these topics.

There are two main principles of interpretation to which
we shall have to appeal in the course of this discussion. As
neither of them is distinctly recognized in the ordinary Logic,
and both are in some respects decidedly alien to the ways of
common thought and speech, it will be well to begin by
calling prominent attention to them.

(1) The first of these is involved in the view of the
Import of Propositions explained and insisted on in the
sixth chapter. The comparative novelty of that view as a

CHA.P. x.] Logical statements or equations. 223

systematic doctrine, and its extreme importance for our
present purpose, must be the excuse for once more recalling

It was laid down then that propositions must be regarded
as having, generally speaking, an affirmative interpretation
of a conditional and somewhat complex character, and a
negative interpretation which is unconditional and compa-
ratively simple. That is, what they assert can only be
accepted under hypotheses and provisionally, in so far as the
existence of the objects is concerned, whereas what they can
be made to deny is denied absolutely. This contrast presented
itself even in the case of the simple propositions of the common
Logic, but when we come to the complicated systems of
propositions which we must be prepared to grapple with in
Symbolic Logic, it appears to me that without this explana-
tion we can make no way at all.

It must be frankly admitted that this is not the sense in
which the popular mind accepts and interprets propositions.
Nor is it, I presume, in accordance with the canons of
the common Logic; and very reasonably not so, on the
part of the latter; for using, as this does, forms which are but
little removed from those of common speech, it cannot risk so
complete a breach with convention as we may freely do who
deal mostly with symbols. I speak with reserve however on
this point from really not knowing what the law may be.

(2) The other principle to which we shall have to resort
may be conveniently introduced by the following question.
If any one were to declare to us that his annual income and
the acreage of his estate, taken together, amounted to
precisely 500 and his daughters, could we charge him on
the face of the matter with either falsity o? nonsense ? He
has adopted an unusual way of speaking, but a solecism need
not be without meaning. If we insisted on translating

224 Logical statements or equations. [CHAP.

his words strictly, what sort of construction should we have
to put upon them, neglecting all merely conventional impli-
cations ? We should have to say that, since it is impossible to
equate heterogeneous things, the only solution which will
avoid actual nonsense must be found in the conclusion that
his income is 500, and that he has no acres and no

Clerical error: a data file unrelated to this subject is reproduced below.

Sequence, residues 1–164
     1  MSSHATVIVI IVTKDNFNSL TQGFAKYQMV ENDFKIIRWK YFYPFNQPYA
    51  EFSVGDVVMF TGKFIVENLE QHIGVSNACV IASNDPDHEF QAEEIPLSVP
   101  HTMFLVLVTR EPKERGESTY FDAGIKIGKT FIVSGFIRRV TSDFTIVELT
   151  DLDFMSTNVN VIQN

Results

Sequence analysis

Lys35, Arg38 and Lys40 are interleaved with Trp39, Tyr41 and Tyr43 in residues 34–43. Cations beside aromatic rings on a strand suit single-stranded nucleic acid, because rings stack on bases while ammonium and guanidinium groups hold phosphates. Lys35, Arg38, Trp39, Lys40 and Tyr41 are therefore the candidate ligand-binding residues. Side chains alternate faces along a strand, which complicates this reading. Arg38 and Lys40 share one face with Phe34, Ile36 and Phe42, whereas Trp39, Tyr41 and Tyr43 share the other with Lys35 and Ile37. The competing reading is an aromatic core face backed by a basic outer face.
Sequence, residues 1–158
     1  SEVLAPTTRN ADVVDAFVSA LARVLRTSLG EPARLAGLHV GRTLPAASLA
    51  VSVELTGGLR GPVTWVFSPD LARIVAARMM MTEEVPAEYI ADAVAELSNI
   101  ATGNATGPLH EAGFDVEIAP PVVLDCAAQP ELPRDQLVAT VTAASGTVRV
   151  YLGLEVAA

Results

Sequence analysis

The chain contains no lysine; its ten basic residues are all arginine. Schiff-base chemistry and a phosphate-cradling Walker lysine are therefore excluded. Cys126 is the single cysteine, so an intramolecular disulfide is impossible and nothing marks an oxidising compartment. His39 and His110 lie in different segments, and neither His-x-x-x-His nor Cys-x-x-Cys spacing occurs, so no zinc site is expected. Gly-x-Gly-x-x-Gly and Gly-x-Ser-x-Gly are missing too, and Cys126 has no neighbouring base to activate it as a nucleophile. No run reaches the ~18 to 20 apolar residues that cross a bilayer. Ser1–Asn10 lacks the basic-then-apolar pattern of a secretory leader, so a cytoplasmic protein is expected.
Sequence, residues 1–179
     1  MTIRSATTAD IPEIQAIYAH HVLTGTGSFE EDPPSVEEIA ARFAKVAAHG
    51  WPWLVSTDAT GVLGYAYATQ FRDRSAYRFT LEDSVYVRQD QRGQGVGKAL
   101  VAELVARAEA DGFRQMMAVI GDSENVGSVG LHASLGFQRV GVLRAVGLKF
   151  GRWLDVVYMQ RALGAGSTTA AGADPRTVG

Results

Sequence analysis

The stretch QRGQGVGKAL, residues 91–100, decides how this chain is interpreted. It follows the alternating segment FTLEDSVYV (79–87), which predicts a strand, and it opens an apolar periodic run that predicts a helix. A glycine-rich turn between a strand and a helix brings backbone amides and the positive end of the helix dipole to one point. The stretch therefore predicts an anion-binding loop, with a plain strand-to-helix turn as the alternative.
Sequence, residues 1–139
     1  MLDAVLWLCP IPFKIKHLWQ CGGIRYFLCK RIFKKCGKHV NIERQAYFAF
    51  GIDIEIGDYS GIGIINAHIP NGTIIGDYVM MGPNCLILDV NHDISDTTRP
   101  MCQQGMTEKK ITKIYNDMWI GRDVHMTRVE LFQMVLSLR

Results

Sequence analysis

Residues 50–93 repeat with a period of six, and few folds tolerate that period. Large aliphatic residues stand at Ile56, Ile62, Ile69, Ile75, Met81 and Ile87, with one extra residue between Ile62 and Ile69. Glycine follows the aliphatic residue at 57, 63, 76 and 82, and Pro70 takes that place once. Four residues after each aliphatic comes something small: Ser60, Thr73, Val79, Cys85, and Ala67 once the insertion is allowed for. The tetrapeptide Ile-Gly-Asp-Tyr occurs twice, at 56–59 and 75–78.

daughters.

The second of these principles involves of course an
appeal to the first. Admitting that the employment of a
logical term does not necessarily carry with it the existence
of any corresponding class, we say that these are circumstances
under which this admission has to be put in force. Disparate
things can only be equated by the assumption that both are
then and there non-existent.

There is a slightly different way of looking at the same
thing which may make it a little more acceptable. Instead
of starting, as above, with the statement x = y, where x and y
are heterogeneous, put it in the form that if y be taken from
x nothing is left. Suppose I say, in reference to some given
assemblage of people, Take all the rogues from amongst the
lawyers and nobody is left, it is quite certain that this
identifies the two classes. This is a necessity of thought or
of things; but to this necessity common usage couples an
assumption, which ordinary Logic doubtfully accepts, viz.
that we must not so speak unless we mean to imply that
there are certainly some people present who belong to
both categories. Symbolic Logic distinctly rejecting this
assumption need not hesitate to accept at the same time the
proposition that no lawyers are rogues. In this case, since
the subduction of a rogue can no longer remove a lawyer the
statement can only hold good on the supposition that there
is none of either class present. In other words, whereas
the logical equation, x y = 0, necessarily and always implies

X.] Logical statements or equations. 225

the identity of x and y, all that we are now doing is to claim
the right of extending this to the limiting case in which
x and y are both = ; and consequently of inferring that
if x and y are known to be mutually exclusive then this
Limiting case is the only possible one.

It can hardly be maintained that this system of interpre-
tation is much more in accordance with popular convention